I am running around a lot, so many pokers in so many fires. The show is in two weeks, working on lavender wholesale items for the market, vegetable garden is in, and planning pie parties. This month I'm devoting as many 2 hour spurts after 6pm to work in the lavender field. It's my favorite time of year out there, the lavender scent is so subtle right now, there are no bugs, and it's cool. My sheep are with me, and when I see Martyn's truck drive up the road about 8 pm, I know a glass of red wine beckons - after I give kisses to all equines, and old goats [Frankie on the other hand refuses kisses].

So forgive me if my posts have seemed 'spurt like", but May is a 'spurt like' time here on the farm. Everything seems to need doing all at once. But scattered throughout all the hustle, there are many 'pinch me' moments.

Wednesday, May 06, 2009

It's been a hard day's goat


"It was a good day, eh Stella?"


"Ah, yes...that last fence conquest was truly outstanding."


"Wasn't it?" Iris beamed. "You see, I knew that fence was 5 feet, but from the rock I knew I could push off and extend my jump..."


"That you certainly did." burped Stella.

Monday, May 04, 2009

Participate in Pino's Hospice event


For those of you new to my blog, I love pie and I love donkeys, and after delivering pies one summer day with Pino at my side, I knew I had to somehow bring pie and Pino together and share it with others. Since Pino and I don't have a pie pulling truck [someday....] we host pie parties here at the farm, complete with a donkey hug area. We ask people to donate $5 and that money is then used to fund another free pie party for a cause we believe in. So this summer, the June 21st Pie Day [open to all] will help support our August Pino Pie's Hospice Celebration Day.

I'm just so excited for Pino Pie's Hospice Celebration Day to honor hospice care workers. The event is set for August 15th, and I'm working with one of Pino's supporters who is a hospice worker with Kaiser Permanente. She came to Pie Day last year and has been an avid supporter of both my art and animal causes. I have great respect for those who help the dying. While my hospice work seems to revolve around animals, I was so glad my father had the care of hospice in his final month. It also meant the world to my mother. I hope too that the event will help me build relationships with specific caregivers, who might have clients who would benefit from a Pino Pie Day with Pino.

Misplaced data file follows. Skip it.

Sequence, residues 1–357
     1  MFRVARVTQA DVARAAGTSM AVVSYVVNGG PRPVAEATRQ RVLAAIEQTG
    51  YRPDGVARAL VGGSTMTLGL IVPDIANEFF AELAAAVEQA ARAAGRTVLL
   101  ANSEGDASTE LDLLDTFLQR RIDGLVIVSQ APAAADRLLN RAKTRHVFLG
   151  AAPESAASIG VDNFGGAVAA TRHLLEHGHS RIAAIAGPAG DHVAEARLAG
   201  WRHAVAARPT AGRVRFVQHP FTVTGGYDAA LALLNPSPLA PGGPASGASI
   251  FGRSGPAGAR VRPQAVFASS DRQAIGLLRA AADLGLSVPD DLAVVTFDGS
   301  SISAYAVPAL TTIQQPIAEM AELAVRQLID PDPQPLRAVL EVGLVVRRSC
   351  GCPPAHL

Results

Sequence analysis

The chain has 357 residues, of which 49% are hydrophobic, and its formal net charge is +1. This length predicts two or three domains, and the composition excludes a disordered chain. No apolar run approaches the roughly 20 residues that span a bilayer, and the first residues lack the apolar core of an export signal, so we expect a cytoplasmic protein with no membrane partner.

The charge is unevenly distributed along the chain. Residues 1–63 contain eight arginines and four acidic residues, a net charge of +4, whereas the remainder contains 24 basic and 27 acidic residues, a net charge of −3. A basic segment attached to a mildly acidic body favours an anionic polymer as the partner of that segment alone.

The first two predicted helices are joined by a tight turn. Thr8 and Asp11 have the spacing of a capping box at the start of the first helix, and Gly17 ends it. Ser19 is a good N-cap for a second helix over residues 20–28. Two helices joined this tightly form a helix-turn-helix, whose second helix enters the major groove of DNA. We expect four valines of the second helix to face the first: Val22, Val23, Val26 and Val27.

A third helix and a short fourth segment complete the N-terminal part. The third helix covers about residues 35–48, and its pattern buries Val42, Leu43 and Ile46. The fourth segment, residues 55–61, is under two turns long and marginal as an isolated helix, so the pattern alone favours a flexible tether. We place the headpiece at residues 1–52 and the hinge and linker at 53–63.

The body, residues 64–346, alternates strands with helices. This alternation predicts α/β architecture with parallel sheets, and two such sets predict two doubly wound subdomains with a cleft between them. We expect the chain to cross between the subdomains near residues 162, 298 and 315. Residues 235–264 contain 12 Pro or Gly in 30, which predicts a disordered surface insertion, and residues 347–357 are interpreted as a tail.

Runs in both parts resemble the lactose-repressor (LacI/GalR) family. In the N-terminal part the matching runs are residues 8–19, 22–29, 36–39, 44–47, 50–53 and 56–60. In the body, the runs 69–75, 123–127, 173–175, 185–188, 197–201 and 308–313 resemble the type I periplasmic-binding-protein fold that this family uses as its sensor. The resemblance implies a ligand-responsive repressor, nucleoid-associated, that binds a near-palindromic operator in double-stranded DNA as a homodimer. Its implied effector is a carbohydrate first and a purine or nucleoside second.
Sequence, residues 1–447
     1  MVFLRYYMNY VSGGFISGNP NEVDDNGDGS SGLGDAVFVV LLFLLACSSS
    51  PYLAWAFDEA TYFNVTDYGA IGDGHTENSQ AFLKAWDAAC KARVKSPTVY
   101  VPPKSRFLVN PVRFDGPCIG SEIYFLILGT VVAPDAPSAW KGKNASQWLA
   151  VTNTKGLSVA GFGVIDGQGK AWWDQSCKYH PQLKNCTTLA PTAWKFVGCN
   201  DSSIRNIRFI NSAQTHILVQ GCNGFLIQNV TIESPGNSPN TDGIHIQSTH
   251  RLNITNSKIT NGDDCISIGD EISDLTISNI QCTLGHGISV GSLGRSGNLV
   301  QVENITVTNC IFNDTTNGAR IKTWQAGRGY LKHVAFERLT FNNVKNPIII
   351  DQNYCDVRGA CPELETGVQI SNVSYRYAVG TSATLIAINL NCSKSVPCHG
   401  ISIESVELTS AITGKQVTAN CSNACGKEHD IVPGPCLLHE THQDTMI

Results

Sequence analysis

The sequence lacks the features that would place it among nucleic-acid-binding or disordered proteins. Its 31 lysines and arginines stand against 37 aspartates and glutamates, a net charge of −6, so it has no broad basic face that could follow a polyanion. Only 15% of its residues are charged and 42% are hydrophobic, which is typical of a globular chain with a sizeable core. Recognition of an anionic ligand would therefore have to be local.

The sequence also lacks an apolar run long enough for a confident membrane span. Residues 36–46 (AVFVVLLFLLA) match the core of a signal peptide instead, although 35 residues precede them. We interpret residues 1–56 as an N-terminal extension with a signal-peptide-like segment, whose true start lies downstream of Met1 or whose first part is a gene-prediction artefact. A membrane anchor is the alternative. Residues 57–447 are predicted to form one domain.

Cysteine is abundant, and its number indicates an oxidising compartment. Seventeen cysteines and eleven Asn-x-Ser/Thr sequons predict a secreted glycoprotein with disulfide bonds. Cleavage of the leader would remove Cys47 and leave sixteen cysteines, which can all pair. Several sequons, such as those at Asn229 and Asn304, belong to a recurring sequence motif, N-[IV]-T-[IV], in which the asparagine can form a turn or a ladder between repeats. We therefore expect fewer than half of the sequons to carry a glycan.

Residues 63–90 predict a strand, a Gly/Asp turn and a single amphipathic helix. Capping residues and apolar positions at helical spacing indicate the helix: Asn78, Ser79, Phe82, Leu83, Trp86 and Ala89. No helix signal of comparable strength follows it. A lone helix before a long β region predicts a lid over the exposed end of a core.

How you can contribute or participate in Pino Pie's Hospice Celebration Day:

For the Hospice Care worker Celebration, 8" squares of fabric will be handed out to people, and they will write a brief note to thank a hospice worker, or send a prayer to someone they hospiced. Children will also be able to write on the squares. The squares will then be hung on the fence line here at the farm like prayer flags so people can read them during the event. Then I'll take the squares after the event and make them into a book, or something as a commemorative, and present it to my contact at Kaiser.

So I'm asking people to contribute 8" fabric squares, and you can have fun and embellish them [or not].
- Send us fabric squares. Important: leave the interior of the square open for writing. You can leave the square blank, or embellish like I did on this sample square.

- If you don't want to make a square[s], send a yard [or less] of plain natural fabric [white or lite colored cotton, muslin, linen, natural fabrics only].
- Did you experience the caring of a hospice worker in your family at some time? If so, send in a 8" square with your own hand written note on it, and it will be included in the event. You can simply write on the fabric with a Sharpie or black marker, write your first name and city/state.